Everyone’s favorite anti-gay blowhard Rick Santorum has a gloriously self-aggrandizing op-ed in the Philadelphia Inquirer about the California gay marriage ruling. The whole tone of the piece is “I told you this would happen and you all laughed at me. But who’s laughing now?” Well Rick, I am, at the ridiculous and long-debunked lies you tell in this op-ed piece. Like this one:
Look at Norway. It began allowing same-sex marriage in the 1990s. In just the last decade, its heterosexual-marriage rates have nose-dived and its out-of-wedlock birthrate skyrocketed to 80 percent for firstborn children.
Absolutely, patently and in all other ways false. As M.V. Lee Badgett points out in an article in Slate, the out of wedlock birth rate went up in the 1980s, before Norway legalized gay marriage:
Norway’s big surge occurred in the 1980’s, with an increase from 16 percent to 39 percent. In the decade after Norway recognized same-sex couples (in 1993), the nonmarital birth rate first rose slightly, then, after a couple of years, leveled off at 50 percent.
And Santorum’s focus on the first born child obscures a cultural distinction that is rather important. In Scandinavia, most couples wait until they have children to get married. Once they do have children, the overwhelming majority gets married and stays married:
Parenthood within marriage is still the norm–most cohabitating couples marry after they start having children. In Sweden, for instance, 70 percent of cohabiters wed after their first child is born. Indeed, in Scandinavia the majority of families with children are headed by married parents. In Denmark and Norway, roughly four out of five couples with children were married in 2003. In the Netherlands, a bit south of Scandinavia, 90 percent of heterosexual couples with kids are married.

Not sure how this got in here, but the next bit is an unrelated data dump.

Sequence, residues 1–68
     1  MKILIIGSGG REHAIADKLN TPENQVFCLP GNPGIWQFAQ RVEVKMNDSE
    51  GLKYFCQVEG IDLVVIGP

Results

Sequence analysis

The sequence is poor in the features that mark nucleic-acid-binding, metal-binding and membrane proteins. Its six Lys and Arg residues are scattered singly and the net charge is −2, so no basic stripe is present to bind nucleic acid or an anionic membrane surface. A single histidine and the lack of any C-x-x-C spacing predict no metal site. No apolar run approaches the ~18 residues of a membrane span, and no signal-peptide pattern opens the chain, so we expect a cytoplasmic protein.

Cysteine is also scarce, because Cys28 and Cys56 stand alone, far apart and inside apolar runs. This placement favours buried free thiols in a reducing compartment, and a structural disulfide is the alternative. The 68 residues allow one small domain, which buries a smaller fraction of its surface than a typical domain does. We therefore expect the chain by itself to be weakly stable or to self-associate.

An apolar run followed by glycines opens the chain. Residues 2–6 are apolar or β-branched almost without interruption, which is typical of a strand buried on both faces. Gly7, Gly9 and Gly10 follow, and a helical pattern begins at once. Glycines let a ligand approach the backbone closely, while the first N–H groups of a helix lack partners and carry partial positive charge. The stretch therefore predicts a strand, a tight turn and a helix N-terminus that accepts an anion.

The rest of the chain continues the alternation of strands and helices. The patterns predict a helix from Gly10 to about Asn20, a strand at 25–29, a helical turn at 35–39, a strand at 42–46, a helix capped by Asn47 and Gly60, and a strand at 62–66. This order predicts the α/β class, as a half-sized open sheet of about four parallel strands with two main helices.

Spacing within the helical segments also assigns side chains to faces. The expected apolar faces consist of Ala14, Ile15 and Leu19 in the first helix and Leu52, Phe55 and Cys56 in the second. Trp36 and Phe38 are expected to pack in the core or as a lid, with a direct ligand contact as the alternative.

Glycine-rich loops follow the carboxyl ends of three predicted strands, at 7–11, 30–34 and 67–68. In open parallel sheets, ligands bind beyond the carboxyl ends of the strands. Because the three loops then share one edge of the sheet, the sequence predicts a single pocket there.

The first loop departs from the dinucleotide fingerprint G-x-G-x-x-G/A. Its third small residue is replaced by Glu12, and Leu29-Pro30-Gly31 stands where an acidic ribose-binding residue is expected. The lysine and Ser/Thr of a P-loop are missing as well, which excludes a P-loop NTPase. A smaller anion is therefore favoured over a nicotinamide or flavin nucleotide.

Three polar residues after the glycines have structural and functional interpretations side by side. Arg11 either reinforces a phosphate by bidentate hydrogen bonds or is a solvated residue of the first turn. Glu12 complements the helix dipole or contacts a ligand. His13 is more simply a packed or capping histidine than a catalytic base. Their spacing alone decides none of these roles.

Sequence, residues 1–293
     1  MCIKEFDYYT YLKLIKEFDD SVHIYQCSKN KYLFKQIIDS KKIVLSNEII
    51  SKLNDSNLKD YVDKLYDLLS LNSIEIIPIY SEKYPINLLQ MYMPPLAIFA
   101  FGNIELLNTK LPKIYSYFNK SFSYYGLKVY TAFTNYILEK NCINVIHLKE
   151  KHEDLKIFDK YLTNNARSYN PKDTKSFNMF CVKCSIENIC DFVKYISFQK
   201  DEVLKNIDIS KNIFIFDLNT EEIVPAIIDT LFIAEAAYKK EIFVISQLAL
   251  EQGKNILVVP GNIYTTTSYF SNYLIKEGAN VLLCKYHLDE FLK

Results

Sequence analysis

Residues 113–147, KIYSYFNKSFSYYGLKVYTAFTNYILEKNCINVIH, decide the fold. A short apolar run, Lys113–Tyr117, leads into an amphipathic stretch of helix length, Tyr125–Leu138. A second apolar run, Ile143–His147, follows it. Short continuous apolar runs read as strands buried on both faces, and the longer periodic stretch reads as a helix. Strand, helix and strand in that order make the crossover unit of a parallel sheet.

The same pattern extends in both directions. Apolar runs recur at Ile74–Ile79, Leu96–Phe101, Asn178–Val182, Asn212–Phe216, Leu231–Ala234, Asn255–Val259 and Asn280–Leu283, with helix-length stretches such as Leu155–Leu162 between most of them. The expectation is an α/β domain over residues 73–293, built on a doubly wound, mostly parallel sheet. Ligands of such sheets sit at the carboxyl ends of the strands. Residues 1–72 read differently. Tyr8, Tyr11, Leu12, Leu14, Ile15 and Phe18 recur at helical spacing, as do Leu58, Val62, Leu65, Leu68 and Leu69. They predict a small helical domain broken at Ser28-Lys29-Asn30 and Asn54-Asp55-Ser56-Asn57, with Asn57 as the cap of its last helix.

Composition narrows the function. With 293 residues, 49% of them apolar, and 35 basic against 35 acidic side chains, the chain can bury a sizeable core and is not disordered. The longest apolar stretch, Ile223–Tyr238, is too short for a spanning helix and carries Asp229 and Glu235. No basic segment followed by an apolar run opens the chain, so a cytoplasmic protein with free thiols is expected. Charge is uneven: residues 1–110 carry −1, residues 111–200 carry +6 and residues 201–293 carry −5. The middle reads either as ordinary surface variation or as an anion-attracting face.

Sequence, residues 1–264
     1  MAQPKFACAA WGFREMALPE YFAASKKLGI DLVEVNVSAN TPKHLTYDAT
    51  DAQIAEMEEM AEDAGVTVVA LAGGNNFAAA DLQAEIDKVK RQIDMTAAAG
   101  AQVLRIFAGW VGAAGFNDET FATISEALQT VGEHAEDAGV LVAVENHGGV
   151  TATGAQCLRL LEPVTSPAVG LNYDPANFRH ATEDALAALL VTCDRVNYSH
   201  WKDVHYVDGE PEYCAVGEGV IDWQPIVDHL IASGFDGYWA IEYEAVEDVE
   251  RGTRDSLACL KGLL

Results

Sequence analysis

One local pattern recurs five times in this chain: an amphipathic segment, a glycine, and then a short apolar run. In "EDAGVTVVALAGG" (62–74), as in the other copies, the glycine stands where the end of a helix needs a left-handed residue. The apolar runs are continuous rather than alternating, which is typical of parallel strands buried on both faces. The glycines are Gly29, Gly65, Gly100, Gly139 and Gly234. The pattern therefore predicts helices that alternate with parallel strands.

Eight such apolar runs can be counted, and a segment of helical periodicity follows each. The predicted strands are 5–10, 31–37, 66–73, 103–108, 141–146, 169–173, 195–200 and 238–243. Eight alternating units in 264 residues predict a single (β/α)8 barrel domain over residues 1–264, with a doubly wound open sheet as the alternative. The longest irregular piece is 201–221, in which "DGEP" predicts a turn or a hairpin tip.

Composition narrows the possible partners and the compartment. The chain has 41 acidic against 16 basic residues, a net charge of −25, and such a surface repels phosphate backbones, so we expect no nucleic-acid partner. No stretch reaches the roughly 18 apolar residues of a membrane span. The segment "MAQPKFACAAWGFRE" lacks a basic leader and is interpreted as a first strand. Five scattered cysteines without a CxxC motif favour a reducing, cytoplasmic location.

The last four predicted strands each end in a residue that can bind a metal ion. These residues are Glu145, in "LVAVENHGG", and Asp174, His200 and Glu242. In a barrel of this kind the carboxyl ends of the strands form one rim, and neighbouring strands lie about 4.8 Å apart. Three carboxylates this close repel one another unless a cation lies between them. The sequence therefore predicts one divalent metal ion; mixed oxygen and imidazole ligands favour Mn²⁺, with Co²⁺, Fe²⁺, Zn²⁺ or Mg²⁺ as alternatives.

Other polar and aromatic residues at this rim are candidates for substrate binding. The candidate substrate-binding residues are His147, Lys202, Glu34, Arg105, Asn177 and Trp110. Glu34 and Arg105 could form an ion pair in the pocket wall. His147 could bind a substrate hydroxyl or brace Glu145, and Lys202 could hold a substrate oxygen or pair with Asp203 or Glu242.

Those rates are, in fact, far higher than the US. So now we’ve established that the big jump in out of wedlock births came before gay marriage was legalized, now let’s look at what has happened to heterosexual marriages after gay marriage was allowed. William Eskridge and Darren Spedale give the stats:
A decade after Denmark, Norway and Sweden passed their respective partnership laws, heterosexual marriage rates had risen 10.7% in Denmark; 12.7% in Norway; and a whopping 28.8% in Sweden. In Denmark over the last few years, marriage rates are the highest they’ve been since the early 1970s. Divorce rates among heterosexual couples, on the other hand, have fallen. A decade after each country passed its partnership law, divorce rates had dropped 13.9% in Denmark; 6% in Norway; and 13.7% in Sweden. On average, divorce rates among heterosexuals remain lower now than in the years before same-sex partnerships were legalized.
Marriage rates have gone up, divorce rates have gone down. Damn that same-sex marriage for “destroying” marriage in Scandinavia!